The presence of obligate xenogamy
has also been reported in other genera of the Asteraceae, for instance, Senecio (Abbott and Irwin, 1988) and Cirsium (Michaux, 1989).
bonijesu, which is also observed in other species ofthe genus (Carauta, 1978; Berg, 2001), is a floral trait that involves the temporal separation of female and male functions in inflorescences with unisexual flowers, thereby favoring xenogamy
(Lloyd & Webb, 1986; Benin & Newman, 1993).
It is a vanguard organisation type and in our case the thriving result of a xenogamy
between the subsidized free-flow-of-information mother and a market driven information-as-an-economic-good father.
geitonogamy); the close spacing of the plants are likewise allowed bees to forage on numerous individuals and facilitate crosspollination (i.e., xenogamy
: Flowers (Esmeralda: n=24; Estrela: n=54; Guarani das Missoes: n=48) were hand pollinated with pollen from another plant's flowers when the stigmas were receptive.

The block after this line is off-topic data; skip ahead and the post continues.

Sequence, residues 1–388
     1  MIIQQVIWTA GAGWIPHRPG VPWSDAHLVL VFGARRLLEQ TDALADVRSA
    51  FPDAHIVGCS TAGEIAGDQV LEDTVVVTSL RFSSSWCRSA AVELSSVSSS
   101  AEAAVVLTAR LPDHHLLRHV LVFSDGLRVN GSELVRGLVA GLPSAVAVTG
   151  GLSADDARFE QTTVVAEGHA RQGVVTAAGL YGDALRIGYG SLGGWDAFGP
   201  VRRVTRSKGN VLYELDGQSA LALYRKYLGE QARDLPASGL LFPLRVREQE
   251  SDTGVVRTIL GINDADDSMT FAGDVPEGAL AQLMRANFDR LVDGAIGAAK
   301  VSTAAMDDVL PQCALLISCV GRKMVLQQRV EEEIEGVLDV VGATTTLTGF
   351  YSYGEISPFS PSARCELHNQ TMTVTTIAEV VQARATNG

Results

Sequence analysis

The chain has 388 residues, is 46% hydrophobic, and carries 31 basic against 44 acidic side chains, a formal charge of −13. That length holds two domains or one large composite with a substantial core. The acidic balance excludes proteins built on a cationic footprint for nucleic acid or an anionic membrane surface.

), potential pollinator identification, and germination and establishment requirements (Diamond et al., 2006; Lazaro and Traveset, 2006; Strong and Williamson, 2007; Tepedino et al., 2007; Tepedino et al., 2010; Watrous and Cane, 2011).
Furthermore, it is also noticeable the diversity of traits inherent in this genus, the species differing in longevity (therophytes to chamaephytes), flower colour (white, pink, yellow, orange) and size, flower biology (cleistogamy and chasmogamy) and breeding and mating systems (autogamy, xenogamy
, self-compatibility, self-incompatibility) (Arrington & Kubitziky 2003, Rodriguez-Perez 2005).
The following tests were carried out to evaluate the breeding system: 1-Manual self-pollination (autogamy); 2-Cross-pollination (xenogamy
(n=9): un-opened flowers were emasculated before the anthers reached maturity.
Treatment 2) The flower was emasculated as above, but not bagged, so that seeds that matured would be the result of either geitonogamy (in which an ovule is fertilized by pollen from a different flower on the same plant) or xenogamy
(in which the pollen is transferred from a different individual), but not intrafloral self-pollination.